Claim 4: The Odyssey is Antisemitic. 

The largest culture closest to the Jewish people in The Odyssey would be the Phoenicians, who were a semitic speaking people. While they resided in Israeli territory, they in fact had trade and influence all over the Mediterranean. Hardly something you would expect from people who were allegedly hated by the Mediterranean at the time, but there is something vastly important to consider. They were not enemies of Odysseus. They were friendly, helpful and essential to Odysseus completing His journey. In fact, in Book 8, Odysseus blesses them by saying, "The Gods shower down their grace upon these people, so that no evil dwell among them forever."  Odysseus bears no ill will toward the Phoenicians, but in fact is grateful for their presence. Some might even argue that the Phoenicians would not qualify as Jewish people, since their king Alcinous prayed to a Greek God after the blessing of Odysseus was given and encouraged his people to do the same: "Herald, stir the mixing bowl and carry drink to the entire hall, that our dispatching the stranger to his land may be with prayer to Zeus the Father."

The antisemitism that's allegedly in the story was, in fact, pulled out of someone's butt in the year 2020 and placed there. If anyone can locate a section in The Odyssey that is blatantly antisemitic, please post it in the comment section and we will examine it. 

Claim 5: The Odyssey is violent.

Violence is part of the nature of the universe, and part of human nature when necessary. Get over it. Sometimes violence is needed to create, build and preserve. You think the Earth came into being peacefully? You think there were no violent events? What of the United States that gives you the freedom to speak against literature you dislike? You think we maintained our way of life through campfire songs? Get real. Teaching children that there's no such thing as violence is to make them ill-prepared for the real world. It may be unfortunate, but sometimes violence is necessary. On a side note, you know other books and stories, whether fiction or non-fiction, that are violent? Harry Potter, but even with the immense violence and the clear transphobic attitude of JK Rowling, I bet they are still on the shelves of every public school library.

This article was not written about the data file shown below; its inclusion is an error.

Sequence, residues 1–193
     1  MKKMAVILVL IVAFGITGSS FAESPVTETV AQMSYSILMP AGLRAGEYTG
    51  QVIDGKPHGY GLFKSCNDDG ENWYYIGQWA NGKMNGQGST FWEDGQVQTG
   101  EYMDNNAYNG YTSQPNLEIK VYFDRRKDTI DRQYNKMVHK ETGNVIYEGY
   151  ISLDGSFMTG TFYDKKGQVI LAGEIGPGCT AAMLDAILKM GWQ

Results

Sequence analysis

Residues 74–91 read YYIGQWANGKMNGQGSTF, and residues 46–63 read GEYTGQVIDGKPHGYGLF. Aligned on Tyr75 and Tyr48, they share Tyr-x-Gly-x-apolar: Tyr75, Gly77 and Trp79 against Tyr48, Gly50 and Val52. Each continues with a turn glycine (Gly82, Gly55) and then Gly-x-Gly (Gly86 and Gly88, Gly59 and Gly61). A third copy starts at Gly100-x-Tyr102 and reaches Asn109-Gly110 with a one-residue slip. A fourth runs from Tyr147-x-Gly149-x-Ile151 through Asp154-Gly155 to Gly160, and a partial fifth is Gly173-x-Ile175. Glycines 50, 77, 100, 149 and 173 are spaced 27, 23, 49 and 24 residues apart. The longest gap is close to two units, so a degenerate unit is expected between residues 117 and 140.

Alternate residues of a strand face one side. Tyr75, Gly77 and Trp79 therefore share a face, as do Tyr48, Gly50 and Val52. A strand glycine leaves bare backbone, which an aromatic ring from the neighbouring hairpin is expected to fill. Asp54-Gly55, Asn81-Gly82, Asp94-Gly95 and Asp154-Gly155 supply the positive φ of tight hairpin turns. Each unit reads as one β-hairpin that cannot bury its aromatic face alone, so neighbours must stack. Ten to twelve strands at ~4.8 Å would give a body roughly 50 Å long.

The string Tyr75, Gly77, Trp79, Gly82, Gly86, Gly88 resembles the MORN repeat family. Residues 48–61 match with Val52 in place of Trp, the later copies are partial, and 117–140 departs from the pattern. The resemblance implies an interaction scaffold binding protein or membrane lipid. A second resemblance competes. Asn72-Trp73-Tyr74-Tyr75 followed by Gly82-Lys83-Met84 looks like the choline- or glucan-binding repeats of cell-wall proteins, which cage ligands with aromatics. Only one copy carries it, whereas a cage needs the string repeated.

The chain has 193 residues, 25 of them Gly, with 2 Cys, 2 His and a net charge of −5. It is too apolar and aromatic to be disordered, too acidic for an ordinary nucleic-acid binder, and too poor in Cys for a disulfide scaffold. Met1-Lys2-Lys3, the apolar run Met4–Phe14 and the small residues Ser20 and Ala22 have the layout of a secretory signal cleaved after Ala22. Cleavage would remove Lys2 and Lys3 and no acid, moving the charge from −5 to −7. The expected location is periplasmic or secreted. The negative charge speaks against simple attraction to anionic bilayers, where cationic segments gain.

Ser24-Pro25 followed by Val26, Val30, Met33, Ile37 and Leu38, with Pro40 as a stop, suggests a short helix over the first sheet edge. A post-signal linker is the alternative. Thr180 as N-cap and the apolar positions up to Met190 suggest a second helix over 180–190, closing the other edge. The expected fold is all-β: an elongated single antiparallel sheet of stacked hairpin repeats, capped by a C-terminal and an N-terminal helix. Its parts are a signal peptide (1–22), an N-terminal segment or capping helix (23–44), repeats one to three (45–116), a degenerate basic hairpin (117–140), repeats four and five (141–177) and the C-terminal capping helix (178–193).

In conclusion, yes, it is true that in parts of ancient Greece (not all), women were not equal to men. Although they were highly revered and privileged in Sparta, a kingdom which also appears in The Odyssey. But it's also true that women were not equal to men for most of American history as well. So are you going to ban US history books? And what of the violence? You'll have to ban US history for that as well. 

Disabled people in ancient Greece, unlike in other parts of the known world, could become valuable members of society, such as Seers. Some cultures, notably the Abrahamics, wouldn't even let disabled or deformed people sacrifice in their temples or at their altars because of their disabilites or deformities. The Greeks weren't that ignorant. And as said before, the Greeks routinely interacted with the many races and cultures around them. They traded with them, learned from them, and made friendships and alliances. This is not the conduct of racism or antisemitism. 

There is not, nor ever will be, such a thing as a perfect history, culture or people. You're going to end up banning every book known to humankind. The point of history is to learn, but this is the blatant erasing of it.

Update - Apparently the book hasn't actually been banned, there has simply been discussion of it, but nonetheless, it was strong enough to create news headlines, and accusations that should be addressed. 1/5/2021.

In the Goodness of the Gods,

Chris Aldridge.

Work Cited: The Odyssey, translated by Laurence of Arabia aka T.E. Shaw.